Spontaneous gallbladder pathology in baboons


  • This research was funded in part by National Institutes of Health/National Center for Research Resources (NIH/NCRR) Grant P51 RR013986 to the Southwest National Primate Research Center. Non-human primates were housed in facilities constructed with support from Research Facilities Improvement Program Grant C06 RR016228 from the NIH/NCRR. This study was supported by the Southwest National Primate Research Center summer student internship program (P51 RR013986).

Edward J. Dick Jr, DVM, DACVP,
Southwest Foundation for Biomedical Research, PO Box 760549
San Antonio, TX 78245-0549, USA.
Tel.: +1-210-258-9894;
fax: +1-210-670-3305;
e-mail: edick@sfbr.org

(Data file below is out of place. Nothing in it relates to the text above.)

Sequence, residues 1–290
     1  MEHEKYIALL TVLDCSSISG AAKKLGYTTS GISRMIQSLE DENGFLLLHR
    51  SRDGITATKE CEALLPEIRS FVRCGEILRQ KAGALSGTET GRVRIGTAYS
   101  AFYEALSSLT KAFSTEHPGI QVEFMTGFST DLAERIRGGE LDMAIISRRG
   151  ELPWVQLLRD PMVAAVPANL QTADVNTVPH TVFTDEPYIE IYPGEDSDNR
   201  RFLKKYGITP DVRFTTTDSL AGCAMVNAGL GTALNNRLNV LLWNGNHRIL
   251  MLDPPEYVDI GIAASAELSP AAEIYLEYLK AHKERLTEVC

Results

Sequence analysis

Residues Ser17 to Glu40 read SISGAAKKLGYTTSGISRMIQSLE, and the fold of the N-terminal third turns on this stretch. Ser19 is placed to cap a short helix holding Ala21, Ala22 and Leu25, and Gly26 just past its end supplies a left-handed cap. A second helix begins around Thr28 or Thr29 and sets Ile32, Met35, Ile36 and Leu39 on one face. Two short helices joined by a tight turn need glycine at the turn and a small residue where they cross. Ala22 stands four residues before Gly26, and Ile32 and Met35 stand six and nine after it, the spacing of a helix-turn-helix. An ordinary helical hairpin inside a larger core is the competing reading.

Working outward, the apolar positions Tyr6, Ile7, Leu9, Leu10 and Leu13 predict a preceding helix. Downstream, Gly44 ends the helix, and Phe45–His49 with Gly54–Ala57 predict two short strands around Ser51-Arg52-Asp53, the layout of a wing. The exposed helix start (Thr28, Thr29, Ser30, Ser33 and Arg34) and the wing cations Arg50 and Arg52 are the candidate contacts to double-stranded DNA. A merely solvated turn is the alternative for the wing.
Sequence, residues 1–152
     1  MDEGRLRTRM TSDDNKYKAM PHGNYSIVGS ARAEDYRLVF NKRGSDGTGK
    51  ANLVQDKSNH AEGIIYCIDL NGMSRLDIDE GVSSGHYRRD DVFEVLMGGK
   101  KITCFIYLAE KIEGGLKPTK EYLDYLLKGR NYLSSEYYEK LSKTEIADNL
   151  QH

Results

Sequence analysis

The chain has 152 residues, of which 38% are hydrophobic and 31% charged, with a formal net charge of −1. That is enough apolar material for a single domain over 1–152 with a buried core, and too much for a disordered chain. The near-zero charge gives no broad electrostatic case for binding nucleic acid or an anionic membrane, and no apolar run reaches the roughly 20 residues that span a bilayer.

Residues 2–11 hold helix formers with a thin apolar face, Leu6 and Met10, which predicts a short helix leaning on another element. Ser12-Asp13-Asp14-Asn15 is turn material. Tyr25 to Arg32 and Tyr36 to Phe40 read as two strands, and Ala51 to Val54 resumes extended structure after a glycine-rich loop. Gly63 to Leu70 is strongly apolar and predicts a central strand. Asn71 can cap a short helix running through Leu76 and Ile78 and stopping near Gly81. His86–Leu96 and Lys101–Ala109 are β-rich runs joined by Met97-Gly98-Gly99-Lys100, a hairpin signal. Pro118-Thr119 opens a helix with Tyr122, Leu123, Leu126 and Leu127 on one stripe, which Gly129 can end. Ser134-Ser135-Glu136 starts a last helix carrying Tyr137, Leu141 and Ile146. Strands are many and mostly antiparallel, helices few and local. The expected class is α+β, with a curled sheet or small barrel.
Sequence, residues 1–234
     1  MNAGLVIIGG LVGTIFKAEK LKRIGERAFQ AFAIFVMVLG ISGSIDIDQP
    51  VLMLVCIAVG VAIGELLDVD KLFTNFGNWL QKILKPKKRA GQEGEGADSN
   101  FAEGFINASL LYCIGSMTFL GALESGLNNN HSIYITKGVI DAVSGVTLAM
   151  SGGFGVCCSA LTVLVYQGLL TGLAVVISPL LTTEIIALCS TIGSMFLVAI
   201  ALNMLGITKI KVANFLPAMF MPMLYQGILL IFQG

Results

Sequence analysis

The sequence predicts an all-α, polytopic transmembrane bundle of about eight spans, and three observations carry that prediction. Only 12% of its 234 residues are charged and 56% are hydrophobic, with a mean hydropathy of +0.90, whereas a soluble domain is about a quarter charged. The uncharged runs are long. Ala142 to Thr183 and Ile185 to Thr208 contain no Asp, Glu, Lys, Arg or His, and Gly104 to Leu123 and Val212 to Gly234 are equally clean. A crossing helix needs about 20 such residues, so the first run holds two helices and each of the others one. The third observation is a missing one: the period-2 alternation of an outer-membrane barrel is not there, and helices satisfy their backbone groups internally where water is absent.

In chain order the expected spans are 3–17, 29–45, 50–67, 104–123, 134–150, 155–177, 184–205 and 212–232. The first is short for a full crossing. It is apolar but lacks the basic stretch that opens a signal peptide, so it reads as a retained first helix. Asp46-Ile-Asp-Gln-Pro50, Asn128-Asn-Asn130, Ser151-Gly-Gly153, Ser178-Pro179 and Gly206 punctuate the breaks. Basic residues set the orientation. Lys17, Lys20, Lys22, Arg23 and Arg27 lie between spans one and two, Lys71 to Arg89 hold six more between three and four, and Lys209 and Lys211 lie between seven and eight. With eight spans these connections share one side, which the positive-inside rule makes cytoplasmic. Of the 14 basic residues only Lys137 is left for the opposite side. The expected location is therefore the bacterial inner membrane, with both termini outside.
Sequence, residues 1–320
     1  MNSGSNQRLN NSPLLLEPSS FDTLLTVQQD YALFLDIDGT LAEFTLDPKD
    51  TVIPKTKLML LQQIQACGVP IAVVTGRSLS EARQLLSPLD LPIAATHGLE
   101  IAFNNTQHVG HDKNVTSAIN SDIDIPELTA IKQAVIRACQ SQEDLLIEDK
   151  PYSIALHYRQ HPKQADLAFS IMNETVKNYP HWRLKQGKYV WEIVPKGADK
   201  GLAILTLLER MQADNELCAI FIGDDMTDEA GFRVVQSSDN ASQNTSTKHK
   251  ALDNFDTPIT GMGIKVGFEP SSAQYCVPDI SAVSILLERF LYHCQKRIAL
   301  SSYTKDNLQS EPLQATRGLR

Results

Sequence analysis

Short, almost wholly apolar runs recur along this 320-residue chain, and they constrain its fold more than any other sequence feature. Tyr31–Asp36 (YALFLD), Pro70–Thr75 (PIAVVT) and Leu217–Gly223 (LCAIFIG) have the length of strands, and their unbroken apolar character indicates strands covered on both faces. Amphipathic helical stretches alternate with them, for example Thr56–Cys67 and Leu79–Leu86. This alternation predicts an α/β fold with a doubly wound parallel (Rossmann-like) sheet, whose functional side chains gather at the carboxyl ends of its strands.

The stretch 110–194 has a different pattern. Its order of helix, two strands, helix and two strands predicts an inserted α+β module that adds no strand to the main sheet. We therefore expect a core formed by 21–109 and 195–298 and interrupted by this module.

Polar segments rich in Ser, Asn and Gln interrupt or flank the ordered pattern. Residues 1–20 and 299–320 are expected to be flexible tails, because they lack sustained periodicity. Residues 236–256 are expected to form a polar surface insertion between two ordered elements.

Background  Gallbladder pathology (GBP) is a relatively uncommon, naturally occurring morbidity in both baboons and humans.

Methods  A retrospective analysis was performed on 7776 necropsy reports over a 20 year period to determine the prevalence of baboon GBP.

Results  Ninety-seven cases of GBP were identified, yielding a 20 year population prevalence of 1.25%. GBP is more common in adult female baboons, occurring with a female to male ratio of nearly 2:1. Among gallbladder pathologies, cholecystitis (35.1%) and cholelithiasis (29.9%) were the most prevalent abnormalities, followed by hyperplasia (16.5%), edema (15.5%), amyloidosis (5.2%), fibrosis (4.1%), necrosis (4.1%), and hemorrhage (1.0%).

Conclusion  Many epidemiologic similarities exist between GBP in baboons and humans suggesting that the baboon may serve as a reliable animal model system for investigating GBP in humans.